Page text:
Derek Chauvin’s legal team has just filed for a new trial in his case. Chauvin was convicted on April 20 of three counts in the death of George Floyd – second-degree murder, third-degree murder, and second-degree manslaughter.
His attorney, Eric Nelson, is alleging multiple grounds for the new trial, including jury misconduct.
In the filing, Chauvin’s attorney says the former officer should have a new trial in the “interests of justice; abuse of discretion that deprived the Defendant of a fair trial; prosecutorial and jury misconduct; errors of law at trial; and a verdict that is contrary to law.”
“The jury committed misconduct, felt threatened or intimidated, felt race-based pressure during the proceedings, and/or failed to adhere to instructions during deliberations, in violation of Mr. Chauvin’s constitutional rights to due process and a fair trial,” attorney Eric Nelson writes in the filing.
Nelson also claims that the court failed to sequester the jury during the trial, which resulted in their exposure “to prejudicial publicity regarding the trial during the proceedings, as well as jury intimidation and potential fear of retribution among jurors.”
Also among the nearly dozen bases for the motion cited in the filing, Nelson claims the court “abused its discretion and violated Mr. Chauvin’s rights under the Confrontation Clause” when it “failed to order” Morries Hall, a key witness in the trial, to testify or admit into evidence his statements to police. Hall was in a car with Floyd the day he died. Judge Peter Cahill quashed a subpoena for him to testify.
“The cumulative effect of the multiple errors in these proceedings deprived Mr. Chauvin of a fair trial, in violation of his constitutional rights,” writes Nelson, who is requesting a hearing to impeach the guilty verdict.
Nelson also argued that the “publicity here was so pervasive and so prejudicial” that it amounted to a “structural defect” and that the court “abused its discretion” when it didn’t order a change of venue or sequester the jury prior to jury deliberation.
There were multiple questions raised about the jurors, for example.
In addition to the failure to sequester the jurors earlier in such a highly publicized case, there was a partial doxxing of the jurors by media, that could place them at risk and/or feel that they were at risk. You had one alternate juror saying that she had to move around protesters in order to go to her home in Brooklyn Center each night, so there was an acute awareness of the protests. She also said, “I did not want to go through rioting and destruction again and I was concerned about people coming to my house if they were not happy with the verdict.” The question, of course, is whether that was material to her decision or the decision of any of the jurors.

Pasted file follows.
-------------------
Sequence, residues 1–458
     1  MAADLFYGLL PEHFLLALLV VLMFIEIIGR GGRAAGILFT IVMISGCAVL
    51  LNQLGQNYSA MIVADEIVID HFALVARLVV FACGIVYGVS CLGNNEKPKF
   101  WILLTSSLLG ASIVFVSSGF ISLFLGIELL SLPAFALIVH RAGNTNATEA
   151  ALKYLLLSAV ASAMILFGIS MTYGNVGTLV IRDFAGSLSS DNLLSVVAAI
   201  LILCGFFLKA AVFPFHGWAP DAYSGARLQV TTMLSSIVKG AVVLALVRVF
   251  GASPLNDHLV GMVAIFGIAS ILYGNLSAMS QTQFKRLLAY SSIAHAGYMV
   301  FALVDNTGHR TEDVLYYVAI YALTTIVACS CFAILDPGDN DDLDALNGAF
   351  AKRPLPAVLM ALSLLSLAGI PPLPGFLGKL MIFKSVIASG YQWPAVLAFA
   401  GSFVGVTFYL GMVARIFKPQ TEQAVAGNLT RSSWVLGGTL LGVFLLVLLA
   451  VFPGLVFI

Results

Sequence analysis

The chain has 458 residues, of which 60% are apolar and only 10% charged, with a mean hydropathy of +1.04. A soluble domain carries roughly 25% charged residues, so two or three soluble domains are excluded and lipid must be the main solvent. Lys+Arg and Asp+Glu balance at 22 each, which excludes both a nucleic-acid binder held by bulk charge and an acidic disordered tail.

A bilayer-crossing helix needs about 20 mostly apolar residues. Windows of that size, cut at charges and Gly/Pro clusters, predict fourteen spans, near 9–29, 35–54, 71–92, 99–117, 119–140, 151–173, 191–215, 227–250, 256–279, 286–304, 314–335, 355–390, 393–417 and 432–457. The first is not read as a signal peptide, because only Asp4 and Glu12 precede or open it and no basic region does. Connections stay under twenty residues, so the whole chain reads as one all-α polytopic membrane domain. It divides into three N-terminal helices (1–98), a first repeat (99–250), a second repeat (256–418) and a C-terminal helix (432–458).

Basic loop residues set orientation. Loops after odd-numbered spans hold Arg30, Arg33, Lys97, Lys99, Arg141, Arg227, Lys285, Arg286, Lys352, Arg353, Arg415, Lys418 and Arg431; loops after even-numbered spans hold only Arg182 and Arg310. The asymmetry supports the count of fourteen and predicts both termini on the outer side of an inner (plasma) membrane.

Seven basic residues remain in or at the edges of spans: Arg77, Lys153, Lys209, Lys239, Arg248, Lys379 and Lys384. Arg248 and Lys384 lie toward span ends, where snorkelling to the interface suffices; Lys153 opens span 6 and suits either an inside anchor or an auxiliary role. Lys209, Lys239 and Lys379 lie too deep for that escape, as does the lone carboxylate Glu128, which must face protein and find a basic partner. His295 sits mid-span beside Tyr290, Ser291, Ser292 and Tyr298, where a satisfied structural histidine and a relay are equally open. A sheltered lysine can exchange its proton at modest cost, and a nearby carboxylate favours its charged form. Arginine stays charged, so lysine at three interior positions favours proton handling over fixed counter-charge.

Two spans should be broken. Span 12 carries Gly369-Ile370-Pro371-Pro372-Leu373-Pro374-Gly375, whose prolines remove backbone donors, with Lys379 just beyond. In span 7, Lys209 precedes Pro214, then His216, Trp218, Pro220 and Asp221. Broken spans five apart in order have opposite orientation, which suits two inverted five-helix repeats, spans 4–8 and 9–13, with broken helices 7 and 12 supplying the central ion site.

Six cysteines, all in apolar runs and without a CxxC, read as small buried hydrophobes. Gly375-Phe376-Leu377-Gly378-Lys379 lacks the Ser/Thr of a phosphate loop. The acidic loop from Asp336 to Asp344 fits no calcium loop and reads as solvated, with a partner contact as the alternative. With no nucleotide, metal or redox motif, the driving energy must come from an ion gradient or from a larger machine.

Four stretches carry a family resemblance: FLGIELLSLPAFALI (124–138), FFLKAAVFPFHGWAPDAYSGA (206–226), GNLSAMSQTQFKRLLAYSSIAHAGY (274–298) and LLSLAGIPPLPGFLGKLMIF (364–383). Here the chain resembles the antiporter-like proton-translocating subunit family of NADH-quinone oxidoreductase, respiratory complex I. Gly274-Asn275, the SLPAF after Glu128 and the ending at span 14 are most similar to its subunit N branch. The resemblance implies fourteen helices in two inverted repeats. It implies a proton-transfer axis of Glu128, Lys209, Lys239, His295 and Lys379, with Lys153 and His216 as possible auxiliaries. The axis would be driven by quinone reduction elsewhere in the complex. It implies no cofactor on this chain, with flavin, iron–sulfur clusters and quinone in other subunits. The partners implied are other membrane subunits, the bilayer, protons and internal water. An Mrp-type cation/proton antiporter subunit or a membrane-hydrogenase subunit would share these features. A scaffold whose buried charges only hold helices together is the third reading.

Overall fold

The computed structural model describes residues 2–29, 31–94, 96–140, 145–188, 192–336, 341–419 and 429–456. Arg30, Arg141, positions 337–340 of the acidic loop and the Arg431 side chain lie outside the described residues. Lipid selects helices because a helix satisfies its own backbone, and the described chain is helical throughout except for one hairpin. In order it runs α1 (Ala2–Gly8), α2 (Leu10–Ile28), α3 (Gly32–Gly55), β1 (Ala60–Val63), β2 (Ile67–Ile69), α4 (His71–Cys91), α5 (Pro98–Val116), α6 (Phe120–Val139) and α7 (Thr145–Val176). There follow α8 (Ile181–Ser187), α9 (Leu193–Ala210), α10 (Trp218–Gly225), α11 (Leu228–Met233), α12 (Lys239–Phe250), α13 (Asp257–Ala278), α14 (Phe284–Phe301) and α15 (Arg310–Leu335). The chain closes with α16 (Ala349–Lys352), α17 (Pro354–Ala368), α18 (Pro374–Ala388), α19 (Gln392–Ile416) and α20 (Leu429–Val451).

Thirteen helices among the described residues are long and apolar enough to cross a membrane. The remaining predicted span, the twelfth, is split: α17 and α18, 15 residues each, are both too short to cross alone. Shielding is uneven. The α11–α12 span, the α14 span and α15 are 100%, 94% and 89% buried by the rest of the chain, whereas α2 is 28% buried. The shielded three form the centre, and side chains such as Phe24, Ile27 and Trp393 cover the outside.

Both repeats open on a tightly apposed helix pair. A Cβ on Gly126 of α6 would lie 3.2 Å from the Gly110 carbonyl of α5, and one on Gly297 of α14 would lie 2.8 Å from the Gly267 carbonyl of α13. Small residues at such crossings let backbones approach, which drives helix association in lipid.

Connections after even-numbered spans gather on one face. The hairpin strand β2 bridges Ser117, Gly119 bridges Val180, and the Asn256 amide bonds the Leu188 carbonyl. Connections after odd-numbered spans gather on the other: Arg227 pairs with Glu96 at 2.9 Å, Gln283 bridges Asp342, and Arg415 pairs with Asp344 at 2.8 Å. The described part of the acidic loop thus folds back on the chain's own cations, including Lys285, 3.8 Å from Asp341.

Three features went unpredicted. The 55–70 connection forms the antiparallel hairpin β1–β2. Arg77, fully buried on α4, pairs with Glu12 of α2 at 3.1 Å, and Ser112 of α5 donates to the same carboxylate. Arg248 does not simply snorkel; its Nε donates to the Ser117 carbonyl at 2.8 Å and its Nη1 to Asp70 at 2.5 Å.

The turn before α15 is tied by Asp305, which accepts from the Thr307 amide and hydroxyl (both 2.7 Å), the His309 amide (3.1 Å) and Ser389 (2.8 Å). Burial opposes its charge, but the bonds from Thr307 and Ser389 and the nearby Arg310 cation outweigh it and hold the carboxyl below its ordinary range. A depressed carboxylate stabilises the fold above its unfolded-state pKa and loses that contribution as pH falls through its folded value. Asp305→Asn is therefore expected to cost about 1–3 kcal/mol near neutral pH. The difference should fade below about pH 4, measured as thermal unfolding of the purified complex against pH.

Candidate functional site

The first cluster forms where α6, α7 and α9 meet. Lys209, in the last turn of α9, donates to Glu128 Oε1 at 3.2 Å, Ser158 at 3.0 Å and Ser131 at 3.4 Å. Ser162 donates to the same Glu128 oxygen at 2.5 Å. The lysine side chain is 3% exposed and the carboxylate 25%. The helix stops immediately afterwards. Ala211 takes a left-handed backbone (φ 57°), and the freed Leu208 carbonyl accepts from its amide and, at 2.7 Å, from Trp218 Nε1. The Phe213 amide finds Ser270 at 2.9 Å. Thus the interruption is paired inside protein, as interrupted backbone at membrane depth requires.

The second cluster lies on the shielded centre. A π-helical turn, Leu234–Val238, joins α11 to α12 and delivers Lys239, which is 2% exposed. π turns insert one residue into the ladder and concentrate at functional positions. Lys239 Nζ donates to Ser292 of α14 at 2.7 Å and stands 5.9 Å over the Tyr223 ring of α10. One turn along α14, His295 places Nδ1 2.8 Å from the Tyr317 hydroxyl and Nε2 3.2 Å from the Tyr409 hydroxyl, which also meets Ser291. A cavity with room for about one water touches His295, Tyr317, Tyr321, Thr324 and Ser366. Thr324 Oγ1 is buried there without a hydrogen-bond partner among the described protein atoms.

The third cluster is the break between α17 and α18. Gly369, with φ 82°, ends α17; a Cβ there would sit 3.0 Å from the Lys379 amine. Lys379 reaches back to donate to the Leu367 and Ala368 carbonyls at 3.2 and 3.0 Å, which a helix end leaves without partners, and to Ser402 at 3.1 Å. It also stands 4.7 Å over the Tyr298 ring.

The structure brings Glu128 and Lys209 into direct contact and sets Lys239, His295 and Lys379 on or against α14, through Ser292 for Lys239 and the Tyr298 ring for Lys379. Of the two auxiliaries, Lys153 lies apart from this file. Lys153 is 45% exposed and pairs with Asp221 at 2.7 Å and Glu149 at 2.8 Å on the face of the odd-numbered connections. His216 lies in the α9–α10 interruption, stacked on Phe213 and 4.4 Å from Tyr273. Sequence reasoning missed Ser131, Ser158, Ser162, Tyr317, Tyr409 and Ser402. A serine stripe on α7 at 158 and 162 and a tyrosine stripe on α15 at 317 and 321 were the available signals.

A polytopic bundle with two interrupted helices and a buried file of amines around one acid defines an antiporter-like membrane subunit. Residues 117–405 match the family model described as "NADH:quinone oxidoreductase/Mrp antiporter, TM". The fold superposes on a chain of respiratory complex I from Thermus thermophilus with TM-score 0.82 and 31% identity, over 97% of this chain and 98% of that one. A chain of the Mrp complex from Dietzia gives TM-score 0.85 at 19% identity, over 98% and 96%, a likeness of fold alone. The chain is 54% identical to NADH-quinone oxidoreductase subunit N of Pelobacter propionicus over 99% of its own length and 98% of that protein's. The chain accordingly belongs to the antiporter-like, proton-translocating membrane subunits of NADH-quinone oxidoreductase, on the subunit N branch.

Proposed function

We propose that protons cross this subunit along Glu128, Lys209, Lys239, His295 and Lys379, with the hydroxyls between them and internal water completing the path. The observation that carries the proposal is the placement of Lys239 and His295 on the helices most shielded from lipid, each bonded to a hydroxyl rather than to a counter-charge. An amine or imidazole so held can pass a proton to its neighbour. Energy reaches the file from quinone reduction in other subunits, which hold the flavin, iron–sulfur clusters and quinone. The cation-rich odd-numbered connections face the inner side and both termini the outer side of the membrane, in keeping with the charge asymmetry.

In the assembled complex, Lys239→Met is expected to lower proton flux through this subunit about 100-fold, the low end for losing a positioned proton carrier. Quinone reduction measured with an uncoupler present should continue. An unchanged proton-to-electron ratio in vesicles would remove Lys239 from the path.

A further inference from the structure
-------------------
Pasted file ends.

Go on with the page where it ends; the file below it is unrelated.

As we wrote earlier today and on Monday, one juror, Brandon Mitchell, presented more problematic issues. He has made comments since the verdict, talking about how if people “want to see some change,” they have to get onto juries to try to “spark some change.”
On top of that, he admitted that he went to a protest in Washington, D.C. on August 28, 2020, which was a remembrance of the March on Washington. But it was also named the “Get Your Knees Off Our Necks” Protest. A picture that he admits his uncle posted allegedly shows Mitchell in a BLM hat and shirt with the same provocative expression on it. When asked about his attendance, Mitchell mentioned the remembrance to the March on Washington but claimed the protest was “100%” not about George Floyd, despite the fact that Floyd’s family members spoke there and Al Sharpton invoked everyone to say his name. Mitchell also claimed he had no recollection of owning or wearing the shirt. On his jury selection questionnaire, he was asked if he attended any protests having to do with police abuse and he answered “no.” The question of a false or erroneous answer on the jury questionnaire could raise an issue if the court thought it material, for example.